Hong Kong leader Carrie Lam has warned anti-government protesters not to push the city into an "abyss", in an emotional press conference on Tuesday.
Ms Lam said Hong Kong had "reached [a] dangerous situation" and that violence during protests would push it "down a path of no return".
She was met with hostility as she dodged questions by reporters, who repeatedly shouted and cut her off.
Meanwhile protests are continuing for a fifth day at the city's busy airport.
Mass unrest has rocked Hong Kong for 10 weeks and shows no signs of abating.
Large protests started in response to a proposed extradition bill, which has now been suspended, but have evolved into a more demanding pro-democracy movement.
Protests are fuelled by fear that the freedoms Hong Kong enjoys as a special administrative region of China are being eroded.
Ms Lam's comments came a day after hundreds of flights had to be cancelled when thousands occupied the city's international airport. Dozens more have been cancelled on Tuesday, as demonstrators continue to gather.
What's happening at the airport?
Authorities said on Tuesday that operations have resumed, but warned flights would still be affected.
Flagship carrier Cathay Pacific said it had cancelled more than 200 inbound and outbound flights, and would run only a limited number for connecting passengers.
Footage from inside shows hundreds sitting inside terminal buildings, including some obstructing departure gates.
Some held signs apologising to passengers for the inconvenience. Others wore bandages and brandished slogans criticising the police's deepening crackdown on the unrest.
Doctors at Hong Kong's Queen Elizabeth Hospital have also staged a small sit-in protest opposing police violence, local media report.
What did Carrie Lam tell the media?
Ms Lam appeared close to tears at her Tuesday press conference as she called on Hong Kong residents to put aside their differences.
"Take a minute to think, look at our city, our home - do you all really want to see it pushed into an abyss?" AFP quoted her as saying.
Her comments echoed similar remarks by an official from the Chinese Liaison Office in Hong Kong, who said the city would slide "into a bottomless abyss if the terror atrocities are allowed to continue".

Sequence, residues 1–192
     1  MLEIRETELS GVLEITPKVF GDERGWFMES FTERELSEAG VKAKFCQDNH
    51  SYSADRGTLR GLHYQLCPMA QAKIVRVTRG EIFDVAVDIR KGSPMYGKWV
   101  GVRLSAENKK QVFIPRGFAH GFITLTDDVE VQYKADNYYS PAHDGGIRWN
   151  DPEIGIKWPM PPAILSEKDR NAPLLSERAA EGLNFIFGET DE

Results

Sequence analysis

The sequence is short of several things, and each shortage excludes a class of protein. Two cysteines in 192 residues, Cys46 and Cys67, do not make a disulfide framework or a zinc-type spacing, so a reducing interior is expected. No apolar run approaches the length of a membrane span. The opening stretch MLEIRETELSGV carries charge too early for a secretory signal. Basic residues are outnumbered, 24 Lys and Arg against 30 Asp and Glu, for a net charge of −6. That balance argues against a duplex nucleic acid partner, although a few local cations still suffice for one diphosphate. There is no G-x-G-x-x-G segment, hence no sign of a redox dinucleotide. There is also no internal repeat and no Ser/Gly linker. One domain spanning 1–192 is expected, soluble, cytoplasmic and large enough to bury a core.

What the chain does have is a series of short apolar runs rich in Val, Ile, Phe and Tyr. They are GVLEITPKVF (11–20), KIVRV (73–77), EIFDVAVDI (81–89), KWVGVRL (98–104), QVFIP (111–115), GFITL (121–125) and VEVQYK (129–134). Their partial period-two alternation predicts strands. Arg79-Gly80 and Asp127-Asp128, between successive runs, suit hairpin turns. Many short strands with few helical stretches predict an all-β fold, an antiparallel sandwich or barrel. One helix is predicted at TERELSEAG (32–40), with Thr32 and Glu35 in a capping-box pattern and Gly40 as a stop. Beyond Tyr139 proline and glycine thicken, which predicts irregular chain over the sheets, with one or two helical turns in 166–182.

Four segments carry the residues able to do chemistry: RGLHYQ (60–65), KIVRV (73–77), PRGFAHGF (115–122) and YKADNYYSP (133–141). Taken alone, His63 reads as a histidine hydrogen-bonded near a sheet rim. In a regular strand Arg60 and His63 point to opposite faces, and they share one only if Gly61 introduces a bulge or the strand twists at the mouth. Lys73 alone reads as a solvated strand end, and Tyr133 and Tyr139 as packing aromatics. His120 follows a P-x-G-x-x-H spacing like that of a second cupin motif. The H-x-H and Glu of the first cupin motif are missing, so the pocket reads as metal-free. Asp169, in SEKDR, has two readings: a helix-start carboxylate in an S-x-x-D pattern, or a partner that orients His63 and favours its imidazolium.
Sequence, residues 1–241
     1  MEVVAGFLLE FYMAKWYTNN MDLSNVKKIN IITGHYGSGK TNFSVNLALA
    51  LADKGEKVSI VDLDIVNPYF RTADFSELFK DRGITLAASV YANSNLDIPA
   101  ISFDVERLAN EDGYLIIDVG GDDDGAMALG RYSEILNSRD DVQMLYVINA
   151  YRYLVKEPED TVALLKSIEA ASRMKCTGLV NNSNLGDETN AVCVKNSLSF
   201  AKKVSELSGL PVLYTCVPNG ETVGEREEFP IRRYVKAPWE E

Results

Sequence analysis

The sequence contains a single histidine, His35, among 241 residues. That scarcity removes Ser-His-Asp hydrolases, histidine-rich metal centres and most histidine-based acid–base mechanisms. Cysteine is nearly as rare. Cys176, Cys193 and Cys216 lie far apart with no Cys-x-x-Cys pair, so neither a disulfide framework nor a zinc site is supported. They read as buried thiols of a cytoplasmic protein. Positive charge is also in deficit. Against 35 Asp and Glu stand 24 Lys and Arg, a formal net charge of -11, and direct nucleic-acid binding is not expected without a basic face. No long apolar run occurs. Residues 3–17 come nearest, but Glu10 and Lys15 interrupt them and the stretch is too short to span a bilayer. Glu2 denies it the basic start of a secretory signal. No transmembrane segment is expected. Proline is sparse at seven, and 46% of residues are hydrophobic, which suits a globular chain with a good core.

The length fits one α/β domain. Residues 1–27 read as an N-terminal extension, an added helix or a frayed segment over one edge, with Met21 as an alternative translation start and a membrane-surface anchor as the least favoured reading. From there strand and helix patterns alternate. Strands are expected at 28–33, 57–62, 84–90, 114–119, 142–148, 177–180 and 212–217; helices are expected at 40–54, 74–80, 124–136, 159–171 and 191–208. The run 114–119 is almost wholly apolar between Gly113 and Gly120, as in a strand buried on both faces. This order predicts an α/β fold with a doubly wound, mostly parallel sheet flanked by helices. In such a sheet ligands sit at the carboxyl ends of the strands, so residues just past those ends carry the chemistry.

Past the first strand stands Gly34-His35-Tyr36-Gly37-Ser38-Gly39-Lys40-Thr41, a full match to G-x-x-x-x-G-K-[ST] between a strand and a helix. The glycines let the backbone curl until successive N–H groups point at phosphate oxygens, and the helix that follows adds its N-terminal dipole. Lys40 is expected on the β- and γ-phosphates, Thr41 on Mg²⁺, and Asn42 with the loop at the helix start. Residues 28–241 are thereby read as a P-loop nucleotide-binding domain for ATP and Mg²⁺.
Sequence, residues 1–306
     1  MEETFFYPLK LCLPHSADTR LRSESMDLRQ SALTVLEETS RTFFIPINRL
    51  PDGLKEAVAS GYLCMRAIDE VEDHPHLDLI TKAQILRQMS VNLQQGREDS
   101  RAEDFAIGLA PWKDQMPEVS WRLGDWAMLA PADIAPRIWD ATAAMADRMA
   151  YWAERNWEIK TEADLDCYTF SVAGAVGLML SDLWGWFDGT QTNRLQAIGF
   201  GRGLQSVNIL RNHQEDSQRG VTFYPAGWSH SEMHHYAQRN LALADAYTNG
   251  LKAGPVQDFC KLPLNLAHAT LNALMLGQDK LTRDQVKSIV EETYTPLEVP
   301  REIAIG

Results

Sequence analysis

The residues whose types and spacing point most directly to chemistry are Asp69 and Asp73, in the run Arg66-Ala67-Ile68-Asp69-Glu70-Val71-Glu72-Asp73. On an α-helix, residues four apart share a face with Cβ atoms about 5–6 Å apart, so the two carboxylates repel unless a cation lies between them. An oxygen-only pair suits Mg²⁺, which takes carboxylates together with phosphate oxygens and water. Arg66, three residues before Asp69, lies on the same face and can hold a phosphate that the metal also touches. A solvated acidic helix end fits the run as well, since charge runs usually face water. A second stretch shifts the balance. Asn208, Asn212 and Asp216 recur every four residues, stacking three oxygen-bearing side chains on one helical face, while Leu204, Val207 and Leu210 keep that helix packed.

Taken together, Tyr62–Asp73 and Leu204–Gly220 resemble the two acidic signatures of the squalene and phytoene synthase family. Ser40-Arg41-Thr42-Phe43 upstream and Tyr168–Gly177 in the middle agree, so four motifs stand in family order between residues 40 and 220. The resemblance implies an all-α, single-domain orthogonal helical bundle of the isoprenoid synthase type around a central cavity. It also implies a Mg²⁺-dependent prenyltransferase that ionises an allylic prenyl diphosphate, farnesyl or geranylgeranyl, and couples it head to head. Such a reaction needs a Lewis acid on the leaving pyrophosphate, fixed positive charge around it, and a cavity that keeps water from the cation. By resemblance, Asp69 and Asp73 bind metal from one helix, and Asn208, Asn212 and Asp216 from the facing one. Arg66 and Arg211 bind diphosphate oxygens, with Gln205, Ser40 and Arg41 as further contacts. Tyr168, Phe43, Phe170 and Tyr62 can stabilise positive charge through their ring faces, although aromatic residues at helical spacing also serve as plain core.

Local journalists unleashed a barrage of questions in Cantonese and English, many condemning Ms Lam's response to the unrest.
"You blame your own political misjudgement on others, and refuse to acknowledge your mistakes," one journalist said, according to AFP.
"When will you accept political responsibility to end citizens' fear?... When will you be willing to step down? When will you tell the police to stop?" Hong Kong's public broadcaster, RTHK, reportedly asked.
Ms Lam evaded a question on whether she had the autonomy to completely withdraw the extradition bill, a key demand of protesters, saying she had answered it in the past.
She said she was "heartbroken" by reports of serious injuries at last weekend's protests, but appeared to defend the police from claims they used disproportionate force, saying they were acting under "extremely difficult circumstances".
Footage captured on Sunday showed police shooting non-lethal ammunition at protesters from close range.
Officers were also seen storming an enclosed railway station before firing tear gas inside and beating people with batons, sparking renewed allegations of brutality.
Ms Lam said police operations could not have been "determined by someone like myself", saying they had to make "on the spot judgments".
She added that her role was to "ensure that Hong Kong remains a safe and orderly" city.
"After the violence has been stopped and the chaotic situation subsides... I will be responsible [for] rebuilding Hong Kong's economy, to listen as attentively as possible to my people's grievances and try to help Hong Kong to move on," she said.
The press pack's frustration boiled over as the city's leader left the podium.
According to AFP, one journalist demanded, "Do you have a conscience?"
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